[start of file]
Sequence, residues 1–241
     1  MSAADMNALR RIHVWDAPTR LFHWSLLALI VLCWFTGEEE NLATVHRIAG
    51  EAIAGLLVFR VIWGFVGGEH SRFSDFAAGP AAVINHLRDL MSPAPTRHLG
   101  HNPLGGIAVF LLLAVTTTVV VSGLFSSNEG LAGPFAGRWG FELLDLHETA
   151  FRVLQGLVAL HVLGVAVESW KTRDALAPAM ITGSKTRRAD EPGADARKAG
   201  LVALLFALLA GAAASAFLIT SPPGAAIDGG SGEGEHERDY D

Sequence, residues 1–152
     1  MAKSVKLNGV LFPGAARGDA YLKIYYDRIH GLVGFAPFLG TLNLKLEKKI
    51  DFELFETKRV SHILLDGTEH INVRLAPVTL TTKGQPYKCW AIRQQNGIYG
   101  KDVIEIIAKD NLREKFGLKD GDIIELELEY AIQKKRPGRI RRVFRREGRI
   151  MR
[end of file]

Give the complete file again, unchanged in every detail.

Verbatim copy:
Sequence, residues 1–241
     1  MSAADMNALR RIHVWDAPTR LFHWSLLALI VLCWFTGEEE NLATVHRIAG
    51  EAIAGLLVFR VIWGFVGGEH SRFSDFAAGP AAVINHLRDL MSPAPTRHLG
   101  HNPLGGIAVF LLLAVTTTVV VSGLFSSNEG LAGPFAGRWG FELLDLHETA
   151  FRVLQGLVAL HVLGVAVESW KTRDALAPAM ITGSKTRRAD EPGADARKAG
   201  LVALLFALLA GAAASAFLIT SPPGAAIDGG SGEGEHERDY D

Sequence, residues 1–152
     1  MAKSVKLNGV LFPGAARGDA YLKIYYDRIH GLVGFAPFLG TLNLKLEKKI
    51  DFELFETKRV SHILLDGTEH INVRLAPVTL TTKGQPYKCW AIRQQNGIYG
   101  KDVIEIIAKD NLREKFGLKD GDIIELELEY AIQKKRPGRI RRVFRREGRI
   151  MR